Three wartime ’pilgrims' find themselves near Canterbury, and try to solve the mystery of the ’phantom glueman' who is attacking girls at night. Their inquiries lead them to suspect the local magistrate, a staunch advocate of traditional values. As they converge on Canterbury, all receive unexpected ’blessings', which point toward their postwar futures, and the glueman's unmasking is forgotten amid celebrations on the eve of D-Day.
With A Canterbury Tale (1944), Powell and Pressburger began to look beyond the now foreseeable end of the war. The result perplexed even the film's relatively few admirers, and it was, like Blimp, soon cut to make it more conventionally acceptable. In its original version, the film opens with a brief evocation of Chaucer's pilgrims journeying to Canterbury, which is magically connected with the present when the image of a bird becomes that of a fighter, an early anticipation, as its new admirers have noted, of the bone that becomes a spaceship in Kubrick's 2001: A Space Odyssey (1968). We are to see the servicemen as unsuspecting latter-day pilgrims, stranded in wartime limbo, needing something to make sense of their lives.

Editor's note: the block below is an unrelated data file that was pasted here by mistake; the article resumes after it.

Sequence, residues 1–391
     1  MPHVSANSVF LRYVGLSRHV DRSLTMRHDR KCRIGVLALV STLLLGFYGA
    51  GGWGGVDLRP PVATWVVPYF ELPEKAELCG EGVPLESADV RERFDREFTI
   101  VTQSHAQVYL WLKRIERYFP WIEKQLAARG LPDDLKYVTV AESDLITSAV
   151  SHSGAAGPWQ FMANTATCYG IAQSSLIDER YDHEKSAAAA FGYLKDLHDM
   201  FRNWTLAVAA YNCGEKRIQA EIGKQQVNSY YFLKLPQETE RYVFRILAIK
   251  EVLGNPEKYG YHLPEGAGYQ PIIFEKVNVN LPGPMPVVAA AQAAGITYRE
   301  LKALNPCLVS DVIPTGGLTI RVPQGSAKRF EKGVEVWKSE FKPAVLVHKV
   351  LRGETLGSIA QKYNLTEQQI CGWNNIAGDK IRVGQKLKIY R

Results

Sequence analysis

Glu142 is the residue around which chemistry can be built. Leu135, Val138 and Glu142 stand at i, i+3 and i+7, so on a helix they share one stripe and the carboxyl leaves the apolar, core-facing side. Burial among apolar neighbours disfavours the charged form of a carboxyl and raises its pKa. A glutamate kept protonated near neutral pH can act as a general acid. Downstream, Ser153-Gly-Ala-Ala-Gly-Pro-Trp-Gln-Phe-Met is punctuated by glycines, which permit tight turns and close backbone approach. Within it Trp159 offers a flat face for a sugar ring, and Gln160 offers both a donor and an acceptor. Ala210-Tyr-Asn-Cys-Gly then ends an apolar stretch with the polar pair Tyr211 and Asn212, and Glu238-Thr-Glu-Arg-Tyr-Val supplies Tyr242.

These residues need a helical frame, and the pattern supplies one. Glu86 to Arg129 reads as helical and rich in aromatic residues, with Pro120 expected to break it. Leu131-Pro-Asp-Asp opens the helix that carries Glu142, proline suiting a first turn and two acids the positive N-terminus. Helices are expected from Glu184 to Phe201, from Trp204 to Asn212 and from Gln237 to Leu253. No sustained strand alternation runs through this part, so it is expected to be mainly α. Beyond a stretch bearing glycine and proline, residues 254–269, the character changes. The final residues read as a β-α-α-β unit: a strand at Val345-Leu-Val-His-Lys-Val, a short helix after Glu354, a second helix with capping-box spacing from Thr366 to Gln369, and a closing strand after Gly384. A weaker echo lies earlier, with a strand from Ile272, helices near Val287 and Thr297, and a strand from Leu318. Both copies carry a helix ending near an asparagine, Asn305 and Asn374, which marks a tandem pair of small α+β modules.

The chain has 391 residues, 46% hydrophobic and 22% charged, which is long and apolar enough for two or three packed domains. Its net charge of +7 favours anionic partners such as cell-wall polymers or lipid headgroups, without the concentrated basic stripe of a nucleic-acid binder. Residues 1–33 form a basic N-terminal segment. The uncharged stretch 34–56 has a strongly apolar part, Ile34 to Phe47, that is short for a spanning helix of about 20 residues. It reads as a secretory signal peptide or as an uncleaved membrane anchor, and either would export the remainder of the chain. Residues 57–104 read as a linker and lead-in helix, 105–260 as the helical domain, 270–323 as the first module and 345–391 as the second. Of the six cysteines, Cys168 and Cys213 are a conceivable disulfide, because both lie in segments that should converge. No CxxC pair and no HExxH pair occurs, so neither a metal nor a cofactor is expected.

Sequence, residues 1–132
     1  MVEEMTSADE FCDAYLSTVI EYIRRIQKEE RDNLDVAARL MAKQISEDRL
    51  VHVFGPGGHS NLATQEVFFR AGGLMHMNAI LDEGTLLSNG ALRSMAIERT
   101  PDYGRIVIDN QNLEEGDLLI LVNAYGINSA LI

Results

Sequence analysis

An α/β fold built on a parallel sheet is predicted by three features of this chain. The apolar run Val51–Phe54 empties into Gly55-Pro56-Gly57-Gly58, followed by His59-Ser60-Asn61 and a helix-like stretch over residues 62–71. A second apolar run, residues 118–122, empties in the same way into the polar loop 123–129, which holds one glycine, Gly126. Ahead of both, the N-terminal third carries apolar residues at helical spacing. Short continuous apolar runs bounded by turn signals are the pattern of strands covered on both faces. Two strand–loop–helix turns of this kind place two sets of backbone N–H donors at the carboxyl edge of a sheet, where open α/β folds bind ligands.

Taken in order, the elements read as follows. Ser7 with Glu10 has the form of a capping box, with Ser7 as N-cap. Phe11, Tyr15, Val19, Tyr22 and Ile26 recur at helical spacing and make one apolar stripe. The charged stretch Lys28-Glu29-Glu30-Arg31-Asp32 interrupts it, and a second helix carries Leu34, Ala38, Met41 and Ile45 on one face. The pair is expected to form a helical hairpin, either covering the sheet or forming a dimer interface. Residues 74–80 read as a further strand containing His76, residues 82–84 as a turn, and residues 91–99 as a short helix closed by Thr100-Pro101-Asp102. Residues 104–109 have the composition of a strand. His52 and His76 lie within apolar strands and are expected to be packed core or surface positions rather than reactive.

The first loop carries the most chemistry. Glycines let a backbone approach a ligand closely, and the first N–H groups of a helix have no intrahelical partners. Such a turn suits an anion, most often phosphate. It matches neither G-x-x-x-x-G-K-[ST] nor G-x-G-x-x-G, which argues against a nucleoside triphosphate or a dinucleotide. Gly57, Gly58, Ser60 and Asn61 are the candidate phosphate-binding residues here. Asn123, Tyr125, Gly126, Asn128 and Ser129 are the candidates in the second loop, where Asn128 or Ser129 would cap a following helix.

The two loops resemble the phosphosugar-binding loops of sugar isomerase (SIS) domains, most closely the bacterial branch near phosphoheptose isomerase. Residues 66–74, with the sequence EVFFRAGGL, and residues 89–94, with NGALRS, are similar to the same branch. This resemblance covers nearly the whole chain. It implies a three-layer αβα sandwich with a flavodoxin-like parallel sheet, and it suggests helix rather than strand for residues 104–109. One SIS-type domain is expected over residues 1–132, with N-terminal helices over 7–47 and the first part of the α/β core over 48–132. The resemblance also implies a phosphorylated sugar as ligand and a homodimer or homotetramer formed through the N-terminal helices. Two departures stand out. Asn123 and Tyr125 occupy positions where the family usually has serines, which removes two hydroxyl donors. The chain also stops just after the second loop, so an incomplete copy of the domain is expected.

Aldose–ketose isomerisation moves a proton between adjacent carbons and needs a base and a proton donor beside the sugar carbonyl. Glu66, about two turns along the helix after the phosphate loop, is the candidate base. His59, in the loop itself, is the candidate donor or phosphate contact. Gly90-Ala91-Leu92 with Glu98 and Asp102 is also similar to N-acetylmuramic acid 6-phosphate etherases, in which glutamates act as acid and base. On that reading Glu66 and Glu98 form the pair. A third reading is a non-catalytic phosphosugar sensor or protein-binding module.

Ian Christie (Michael Powell & Emeric Pressburger: Arrows of Desire)